Full TGIF Record # 75933
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Publication Type:
Content Type:Abstract or Summary only
Author(s):Beck, K. George
Author Affiliation:Professor, Department of Bioagricultural Sciences and Pest Management, Colorado State University, Ft. Collins, CO
Title:Regional partnerships to promote invasive weed management
Section:Invasive weeds
Other records with the "Invasive weeds" Section
Meeting Info.:Columbus, OH: December 14-16, 1999
Source:Proceedings of the North Central Weed Science Society. Vol. 55, December 2000, p. 105-106.
# of Pages:2
Publishing Information:Champaign, IL: North Central Weed Science Society
Keywords:TIC Keywords: Invasive weeds; Weed control
Abstract/Contents:"Creating partnerships is critically important if we are to succeed in the battle against invasive plants. While national partnerships have helped to create popular support for the issue of invasive species, the driving force to accomplish goals lies with local and regional partnerships. Regional partnerships, such as the Intermountain Noxious Weed Advisory Council (INWAC), should be comprised of representatives from diverse groups to foster broad public support, which is absolutely necessary. Broad public support is best achieved by showing how the environmental effects of weeds negatively influence local and regional economics. Diverse groups are best suited to take this information back to those they represent. The first step in forming regional partnership is to identify the stakeholders and assemble at a meeting. Those attempting to intitate the partnership should lead at first, but officers should be elected and Roberts Rules of Order should be followed. There must be definitive committee structure if the partnership is to succeed. All the partners should develop an action plan that outlines the steps necessary to achieve collectively identified goals. The role(s) of each partner to achieve these goals should be clearly identified. The partnership workload should be delegated so all parties stay involved and delegated assignments must have deadlines. Do as much of the partnership's business as possible via email, fax, conference calls, or regular mail to control travel expenses and retain partners. Remain organized and maintain the committee structure to keep all the partners involved as personnel changes occur. Above all, be consistent and persistent. The problem of invasive plants only will be solved through a concerted effort and regional partnerships are the engines that propel us to solutions."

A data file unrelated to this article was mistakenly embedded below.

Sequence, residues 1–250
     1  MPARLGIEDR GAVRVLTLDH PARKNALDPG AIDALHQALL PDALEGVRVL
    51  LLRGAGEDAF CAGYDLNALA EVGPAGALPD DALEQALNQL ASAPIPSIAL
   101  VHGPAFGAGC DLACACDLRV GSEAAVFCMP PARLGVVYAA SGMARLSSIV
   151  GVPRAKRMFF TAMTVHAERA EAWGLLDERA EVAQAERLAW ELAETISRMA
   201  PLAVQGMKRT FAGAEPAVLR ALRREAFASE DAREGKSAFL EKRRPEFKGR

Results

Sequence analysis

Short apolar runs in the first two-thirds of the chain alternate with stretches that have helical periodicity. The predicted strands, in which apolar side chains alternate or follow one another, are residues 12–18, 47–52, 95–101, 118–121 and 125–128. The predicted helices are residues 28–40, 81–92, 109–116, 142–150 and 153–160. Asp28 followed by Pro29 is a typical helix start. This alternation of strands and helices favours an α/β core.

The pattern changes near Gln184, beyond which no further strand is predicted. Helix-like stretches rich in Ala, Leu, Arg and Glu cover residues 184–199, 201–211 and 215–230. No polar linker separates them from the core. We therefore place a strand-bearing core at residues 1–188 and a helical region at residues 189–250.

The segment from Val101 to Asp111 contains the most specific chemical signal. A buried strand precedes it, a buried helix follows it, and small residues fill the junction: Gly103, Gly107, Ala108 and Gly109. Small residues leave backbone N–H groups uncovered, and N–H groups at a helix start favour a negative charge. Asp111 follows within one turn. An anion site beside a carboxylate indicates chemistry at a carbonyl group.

Note:This item is an abstract only!
ASA/CSSA/SSSA Citation (Crop Science-Like - may be incomplete):
Beck, K. G. 2000. Regional partnerships to promote invasive weed management. Proc. North Cent. Weed Sci. Soc. 55:p. 105-106.
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